This weekend, I am celebrating International Women's Day with fellow women and non-binary activists inside an occupation of Senate House, the administrative heart of the University of London. As I look around at these people, with whom I am united in common goals of free and liberated education, an end to austerity and the protection of workers' rights, I am reminded why radical spaces like these are so important.
I'm certain that the only factor in the prime minister's mind when he made this announcement was the issue of fairness - not the tactical consideration that the Greens might take votes from the prime minister's rivals, or the fact that incumbents rarely do well in debates, or that he didn't do fantastically in them last time. I also believe that the whole notion of TV debates during one of the most significant elections in years should indeed hinge on the inclusion of a party commanding less than 10% of the vote in nationwide polling.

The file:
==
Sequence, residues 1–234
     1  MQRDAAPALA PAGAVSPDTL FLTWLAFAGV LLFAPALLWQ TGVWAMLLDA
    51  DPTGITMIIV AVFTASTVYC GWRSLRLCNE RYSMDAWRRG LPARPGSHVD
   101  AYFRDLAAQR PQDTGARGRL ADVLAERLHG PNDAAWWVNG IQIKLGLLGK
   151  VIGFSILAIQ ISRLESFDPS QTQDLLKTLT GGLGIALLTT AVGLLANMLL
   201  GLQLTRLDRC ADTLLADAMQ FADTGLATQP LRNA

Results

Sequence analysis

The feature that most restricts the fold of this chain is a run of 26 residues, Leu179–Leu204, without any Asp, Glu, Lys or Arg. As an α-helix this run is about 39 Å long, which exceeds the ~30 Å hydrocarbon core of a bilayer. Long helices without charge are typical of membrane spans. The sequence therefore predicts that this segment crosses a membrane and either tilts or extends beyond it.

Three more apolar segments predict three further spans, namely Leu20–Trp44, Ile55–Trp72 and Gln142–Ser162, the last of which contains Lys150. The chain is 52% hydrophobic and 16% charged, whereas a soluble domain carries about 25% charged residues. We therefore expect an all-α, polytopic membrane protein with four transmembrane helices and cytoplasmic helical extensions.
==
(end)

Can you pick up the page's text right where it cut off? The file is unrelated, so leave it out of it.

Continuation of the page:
#WeWantMore from you, David! Young people are itching to get involved. And if the youth is disillusioned with government then make an effort to awaken them! Everyone cares about the issues that politics can address; we just need our leaders to have enough respect for us to encourage our outrage to be channeled into political change.
It remains to be seen whether plans to address youth engagement are indicative of a genuine desire to address the issues facing the young, or simply hollow incentives aimed at scraping as many extra votes as possible in the run up to what is set to be an incredibly tightly contested general election.
The anti-establishment nature of the student movement has also been a permanent, seemingly uncompromising fixture. Some of the major issues facing students too - rising rents and the day-to-day costs of living for example - could arguably be fixed by implementing a series of interventionist policies than by relying on the free market.